Palavras-Chave: Toxoplasma gondii ; cavalo; soroprevalência; teste de aglutinação modificado (MAT); China


Toxoplasma gondii is an important zoonotic intracellular apicomplexan protozoan that can infect humans and nearly all warm-blooded animals worldwide (Dubey, 2010; Montoya & Liesenfeld, 2004; Tenter et al., 2000; Sousa et al., 2014; Cerro et al., 2014; Barros et al., 2014). Humans and animals can be infected mainly through the ingestion of tissue cysts from undercooked or raw meat or through the consumption of food or water contaminated with sporulated oocysts shed by infected felids (Kijlstra & Jongert, 2008). Around the world, approximately one-third of the human population has been infected with T. gondii, and it is estimated that nearly 7.88% of the population in China has been exposed to T. gondii (Dubey, 2010; Zhou et al., 2011). Toxoplasmosis is typically asymptomatic in healthy individuals but can cause mortality and morbidity in congenitally infected and immunocompromised patients, such as individuals with AIDS (Montoya & Liesenfeld, 2004; Belanger et al., 1999).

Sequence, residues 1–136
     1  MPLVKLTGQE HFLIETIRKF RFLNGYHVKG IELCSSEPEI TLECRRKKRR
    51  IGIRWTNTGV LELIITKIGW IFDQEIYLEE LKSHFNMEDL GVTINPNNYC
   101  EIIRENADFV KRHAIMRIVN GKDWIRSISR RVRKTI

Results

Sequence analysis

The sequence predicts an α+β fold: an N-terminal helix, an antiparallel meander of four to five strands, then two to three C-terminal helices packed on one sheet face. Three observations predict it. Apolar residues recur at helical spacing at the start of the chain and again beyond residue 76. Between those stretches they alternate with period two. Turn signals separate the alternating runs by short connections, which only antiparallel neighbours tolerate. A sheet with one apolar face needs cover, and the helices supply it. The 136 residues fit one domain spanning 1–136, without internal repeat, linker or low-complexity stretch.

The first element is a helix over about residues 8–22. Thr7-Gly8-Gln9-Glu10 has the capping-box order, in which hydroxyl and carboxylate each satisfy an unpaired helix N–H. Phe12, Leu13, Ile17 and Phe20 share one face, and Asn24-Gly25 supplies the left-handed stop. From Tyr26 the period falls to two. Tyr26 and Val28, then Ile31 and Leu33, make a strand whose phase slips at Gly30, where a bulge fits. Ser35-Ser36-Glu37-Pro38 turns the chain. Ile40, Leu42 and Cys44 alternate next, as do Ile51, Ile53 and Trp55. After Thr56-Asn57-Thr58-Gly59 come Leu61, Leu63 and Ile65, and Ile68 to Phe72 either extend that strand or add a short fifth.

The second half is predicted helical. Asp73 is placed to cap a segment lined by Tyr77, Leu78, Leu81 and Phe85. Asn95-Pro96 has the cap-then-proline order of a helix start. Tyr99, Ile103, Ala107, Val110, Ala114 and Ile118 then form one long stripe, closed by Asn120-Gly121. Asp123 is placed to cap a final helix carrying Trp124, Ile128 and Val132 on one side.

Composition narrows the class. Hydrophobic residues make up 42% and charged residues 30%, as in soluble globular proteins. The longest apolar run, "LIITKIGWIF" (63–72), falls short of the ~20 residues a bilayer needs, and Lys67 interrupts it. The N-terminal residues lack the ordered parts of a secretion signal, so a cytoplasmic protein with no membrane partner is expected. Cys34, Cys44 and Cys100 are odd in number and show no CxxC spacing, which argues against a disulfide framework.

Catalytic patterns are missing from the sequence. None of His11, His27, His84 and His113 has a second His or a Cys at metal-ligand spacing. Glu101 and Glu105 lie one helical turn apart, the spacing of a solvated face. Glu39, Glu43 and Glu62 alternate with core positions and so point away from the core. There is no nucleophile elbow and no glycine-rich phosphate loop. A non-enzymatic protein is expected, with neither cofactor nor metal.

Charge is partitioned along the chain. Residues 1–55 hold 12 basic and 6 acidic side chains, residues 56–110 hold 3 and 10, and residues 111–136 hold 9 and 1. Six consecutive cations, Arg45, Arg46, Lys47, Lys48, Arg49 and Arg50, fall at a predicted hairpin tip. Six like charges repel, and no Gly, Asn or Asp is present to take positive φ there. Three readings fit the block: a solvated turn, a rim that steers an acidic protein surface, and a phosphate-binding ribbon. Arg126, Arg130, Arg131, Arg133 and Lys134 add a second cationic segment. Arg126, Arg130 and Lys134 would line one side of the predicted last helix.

Felids are the only recognised definitive hosts of T. gondii, but humans and virtually all warm-blooded species, including horses, can be intermediate hosts (Elmore et al., 2010). Horses are widely distributed in the Xinjiang Uygur Autonomous Region, serving as an important means of transportation for the local population. Humans may acquire T. gondii infections by consuming improperly cooked horse meat containing tissue cysts (Pomares et al., 2011). In horses, T. gondii infection is generally subclinical; however, atypical clinical symptoms, including fever, ataxia, retinal degeneration and encephalomyelitis, sometimes appear (Dubey et al., 1999). In China, although there are several serological surveys for T. gondii infection in horses and some Chinese reports were recently summarised (Miao et al., 2013; Yang et al., 2013), information on horses remains limited in northwestern China. To the best of our knowledge, there has been only one survey performed in Xinjiang, northwestern China, and it took place more than 10 years ago. In that survey, T. gondii antibodies were assayed by IHA, and no positive sample was observed in the 60 serum samples. The aim of the present survey was to examine the prevalence of antibodies against T. gondii in horses in Xinjiang, northwestern China, providing fundamental data for understanding the main transmission routes between animals and humans, as well as preventing and controlling this disease.

Materials and Methods

Region and samples